In the last decades of his life, Sartre was perhaps better known for his leftist political beliefs than for the existentialist philosophy that had elevated him to iconic status in France and throughout Europe. In the 1960s, student radicals in both Europe and America embraced Sartre as a hero and appropriated him as a symbol in their resistance to war, imperialism, and other reactionary cultural–political forces. However, Sartre was never much more than an icon of the counterculture. Until his death in 1980, he remained a tremendously prolific and outspoken writer and embodied the conviction that philosophy, if it is to be serious, must be lived.
Sartre’s basic philosophy, existentialism, is neither a narrowly definable school of thought nor limited to Sartre and his French contemporaries such as Camus. Although in a certain sense Sartre and Camus were the first to name and define existentialism, it is best understood as a long-running current in Europe’s philosophical history, a current that emerged in the late nineteenth century. Existentialist philosophers believe that philosophy should emphasize the individual human experience of the world, and they consider ideas of individual freedom; individual responsibility; and how it is possible, if it is possible at all, for individual human beings to act meaningfully in the world.
These ideas themselves belong to a larger philosophic trend that sought to expose the ostensible bankruptcy of traditional philosophy, in particular the philosophy of the Enlightenment. During the Enlightenment, philosophy had put its faith in the idea that reason and rationality hold the answer to all of humanity’s problems. To nineteenth-century thinkers, such as Kierkegaard and Nietzsche, and twentieth-century existentialists, such as Sartre, a radically different approach was needed if philosophy was to rediscover its urgency. Instead of attempting to contain reality within an absolute theoretical framework, iconoclastic philosophers like Nietzsche and Kierkegaard felt that philosophy should emphasize the individual’s subjective experience rather than the individual as the bearer of abstract, universal rights. As adopted by Sartre, this emphasis on individual experience emanated from the belief that, ultimately, people cannot appeal to universal notions of morality or ethics to guide their behavior. Any attempt to generalize human nature, and hence any attempt to construct a system based on these universals, is doomed to fail.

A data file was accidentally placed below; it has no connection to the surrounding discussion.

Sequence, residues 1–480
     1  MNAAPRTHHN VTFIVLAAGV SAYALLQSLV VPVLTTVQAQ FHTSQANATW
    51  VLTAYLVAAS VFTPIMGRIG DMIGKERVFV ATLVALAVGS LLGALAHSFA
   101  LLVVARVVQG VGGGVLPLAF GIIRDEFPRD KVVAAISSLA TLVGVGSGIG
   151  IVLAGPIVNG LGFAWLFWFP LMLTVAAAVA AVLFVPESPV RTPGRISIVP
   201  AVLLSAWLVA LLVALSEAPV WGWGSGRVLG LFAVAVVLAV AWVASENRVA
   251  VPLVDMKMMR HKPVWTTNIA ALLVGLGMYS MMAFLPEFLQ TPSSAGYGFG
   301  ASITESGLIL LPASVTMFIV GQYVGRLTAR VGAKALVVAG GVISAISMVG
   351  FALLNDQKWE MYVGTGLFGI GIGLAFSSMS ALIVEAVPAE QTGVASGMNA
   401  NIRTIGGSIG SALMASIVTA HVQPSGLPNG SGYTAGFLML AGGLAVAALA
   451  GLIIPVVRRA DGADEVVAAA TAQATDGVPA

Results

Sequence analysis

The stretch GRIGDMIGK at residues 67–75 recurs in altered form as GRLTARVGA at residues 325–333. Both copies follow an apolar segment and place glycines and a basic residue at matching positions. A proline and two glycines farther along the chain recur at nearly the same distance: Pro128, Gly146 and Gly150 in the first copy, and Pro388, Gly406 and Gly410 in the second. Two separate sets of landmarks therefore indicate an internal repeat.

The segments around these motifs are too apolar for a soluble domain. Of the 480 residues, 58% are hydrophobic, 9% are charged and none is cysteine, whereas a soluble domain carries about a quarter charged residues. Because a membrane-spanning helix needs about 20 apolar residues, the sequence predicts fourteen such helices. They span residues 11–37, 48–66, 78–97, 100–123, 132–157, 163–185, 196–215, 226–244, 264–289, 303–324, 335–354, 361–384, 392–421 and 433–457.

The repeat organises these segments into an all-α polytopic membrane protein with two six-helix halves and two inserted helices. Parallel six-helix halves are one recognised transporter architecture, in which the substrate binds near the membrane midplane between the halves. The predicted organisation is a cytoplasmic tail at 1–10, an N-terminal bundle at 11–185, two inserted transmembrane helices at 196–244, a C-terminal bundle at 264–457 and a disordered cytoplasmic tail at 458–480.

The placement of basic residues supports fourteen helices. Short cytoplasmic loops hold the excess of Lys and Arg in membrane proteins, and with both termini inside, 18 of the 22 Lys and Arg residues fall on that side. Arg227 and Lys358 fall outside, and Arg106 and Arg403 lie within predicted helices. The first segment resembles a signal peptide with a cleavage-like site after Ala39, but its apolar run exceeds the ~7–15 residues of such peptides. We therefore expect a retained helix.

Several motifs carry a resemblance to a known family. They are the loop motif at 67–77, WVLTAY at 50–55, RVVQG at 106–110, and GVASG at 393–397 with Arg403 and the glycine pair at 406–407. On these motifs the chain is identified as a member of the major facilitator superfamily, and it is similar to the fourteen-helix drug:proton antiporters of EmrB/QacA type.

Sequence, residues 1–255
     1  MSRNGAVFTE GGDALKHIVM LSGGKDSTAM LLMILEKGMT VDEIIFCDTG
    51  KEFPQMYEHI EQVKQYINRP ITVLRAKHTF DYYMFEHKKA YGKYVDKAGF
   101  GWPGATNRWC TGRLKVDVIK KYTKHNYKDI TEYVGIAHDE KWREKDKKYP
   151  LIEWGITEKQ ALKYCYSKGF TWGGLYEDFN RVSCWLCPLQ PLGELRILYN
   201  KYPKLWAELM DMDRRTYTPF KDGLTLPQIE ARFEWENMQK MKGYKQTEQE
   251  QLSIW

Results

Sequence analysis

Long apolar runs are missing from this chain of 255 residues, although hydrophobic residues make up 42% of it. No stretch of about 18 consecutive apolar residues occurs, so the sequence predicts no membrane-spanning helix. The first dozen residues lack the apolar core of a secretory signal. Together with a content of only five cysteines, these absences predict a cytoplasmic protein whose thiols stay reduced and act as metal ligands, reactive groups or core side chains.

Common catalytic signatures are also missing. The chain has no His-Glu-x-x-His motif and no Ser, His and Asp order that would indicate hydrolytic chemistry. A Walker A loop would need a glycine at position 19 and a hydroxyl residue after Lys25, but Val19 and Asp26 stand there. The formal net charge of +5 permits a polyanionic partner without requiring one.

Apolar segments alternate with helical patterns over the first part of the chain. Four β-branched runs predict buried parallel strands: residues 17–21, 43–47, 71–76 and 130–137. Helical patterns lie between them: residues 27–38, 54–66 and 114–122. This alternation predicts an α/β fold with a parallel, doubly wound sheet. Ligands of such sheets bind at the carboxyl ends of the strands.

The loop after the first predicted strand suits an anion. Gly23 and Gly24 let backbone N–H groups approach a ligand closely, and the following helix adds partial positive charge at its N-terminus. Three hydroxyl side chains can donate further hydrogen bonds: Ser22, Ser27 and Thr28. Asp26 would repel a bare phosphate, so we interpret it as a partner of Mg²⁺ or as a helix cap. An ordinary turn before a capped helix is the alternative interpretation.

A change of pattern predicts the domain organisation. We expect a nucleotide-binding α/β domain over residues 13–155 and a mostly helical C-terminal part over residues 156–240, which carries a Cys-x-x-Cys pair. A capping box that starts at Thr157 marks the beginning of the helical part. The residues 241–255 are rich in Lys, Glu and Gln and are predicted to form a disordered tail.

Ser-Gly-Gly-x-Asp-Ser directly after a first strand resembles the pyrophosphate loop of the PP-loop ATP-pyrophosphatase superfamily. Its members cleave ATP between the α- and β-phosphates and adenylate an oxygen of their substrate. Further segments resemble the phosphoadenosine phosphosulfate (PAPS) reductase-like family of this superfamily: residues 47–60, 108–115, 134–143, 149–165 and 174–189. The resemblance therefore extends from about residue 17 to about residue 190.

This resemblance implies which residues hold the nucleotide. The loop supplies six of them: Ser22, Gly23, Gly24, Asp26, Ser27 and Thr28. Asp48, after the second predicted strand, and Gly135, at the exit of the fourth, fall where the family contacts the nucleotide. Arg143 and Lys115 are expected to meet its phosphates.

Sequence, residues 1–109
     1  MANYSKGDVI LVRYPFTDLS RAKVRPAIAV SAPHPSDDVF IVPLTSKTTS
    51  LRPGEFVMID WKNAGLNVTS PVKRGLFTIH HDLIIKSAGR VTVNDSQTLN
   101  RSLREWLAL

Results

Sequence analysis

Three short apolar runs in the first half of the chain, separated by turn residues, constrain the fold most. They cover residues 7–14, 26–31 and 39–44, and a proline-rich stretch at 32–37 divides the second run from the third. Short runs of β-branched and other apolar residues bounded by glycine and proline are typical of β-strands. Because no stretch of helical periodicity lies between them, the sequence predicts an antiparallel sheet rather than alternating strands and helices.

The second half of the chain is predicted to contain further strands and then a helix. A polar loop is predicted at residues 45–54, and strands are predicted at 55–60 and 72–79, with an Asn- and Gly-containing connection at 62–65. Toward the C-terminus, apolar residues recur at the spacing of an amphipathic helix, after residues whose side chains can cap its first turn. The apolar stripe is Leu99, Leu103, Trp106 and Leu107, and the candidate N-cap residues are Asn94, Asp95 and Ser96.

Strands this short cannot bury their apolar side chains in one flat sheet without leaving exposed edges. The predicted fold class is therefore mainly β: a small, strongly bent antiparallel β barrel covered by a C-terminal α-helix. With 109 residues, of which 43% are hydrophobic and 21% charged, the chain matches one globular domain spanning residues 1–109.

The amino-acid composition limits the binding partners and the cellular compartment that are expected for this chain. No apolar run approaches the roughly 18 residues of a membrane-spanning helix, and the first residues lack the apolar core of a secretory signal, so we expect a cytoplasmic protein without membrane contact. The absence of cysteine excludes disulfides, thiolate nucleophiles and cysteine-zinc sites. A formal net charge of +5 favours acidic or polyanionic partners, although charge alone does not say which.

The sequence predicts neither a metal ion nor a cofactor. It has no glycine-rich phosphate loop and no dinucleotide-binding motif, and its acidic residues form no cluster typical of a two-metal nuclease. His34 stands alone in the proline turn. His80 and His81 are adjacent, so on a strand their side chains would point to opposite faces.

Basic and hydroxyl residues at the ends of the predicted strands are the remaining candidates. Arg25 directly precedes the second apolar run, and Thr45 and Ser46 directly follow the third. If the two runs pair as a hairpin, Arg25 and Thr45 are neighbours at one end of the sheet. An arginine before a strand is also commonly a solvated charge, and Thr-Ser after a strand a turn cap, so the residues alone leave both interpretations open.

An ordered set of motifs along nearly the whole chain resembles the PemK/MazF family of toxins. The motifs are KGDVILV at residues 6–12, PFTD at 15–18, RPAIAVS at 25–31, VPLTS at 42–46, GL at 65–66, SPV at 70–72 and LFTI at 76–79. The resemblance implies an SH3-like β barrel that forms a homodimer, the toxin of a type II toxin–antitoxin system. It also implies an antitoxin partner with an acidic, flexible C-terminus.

Sartre was unique within this current of thought largely because of the way he wedded phenomenology to his rejection of traditional philosophy. Phenomenology can be described as the study of consciousness, or how the external world appears to our minds. Phenomenology poses the question of whether it is possible to find the objective reality behind how something appears to us—a question that weighed heavily on Sartre’s own meditations on the individual’s experience of and interaction with the world.
Sartre’s thought also comprises elements of Marxism. Sartre strongly self-identified as a Marxist and was a firm believer in certain key tenets of Marxist thought, including the inherently exploitative nature of the capitalist system, the fact of class conflict as the animating engine of history, and the dialectical nature of all being. That said, Sartre’s Marxism did not act so much as an influence on his existentialist philosophy as something that existed alongside it. In seeking to fuse the two, Sartre composed such works as the Critique of Dialectical Reason, which expanded on the themes of Being and Nothingness while incorporating Marxian sociological inquiry into the discussion.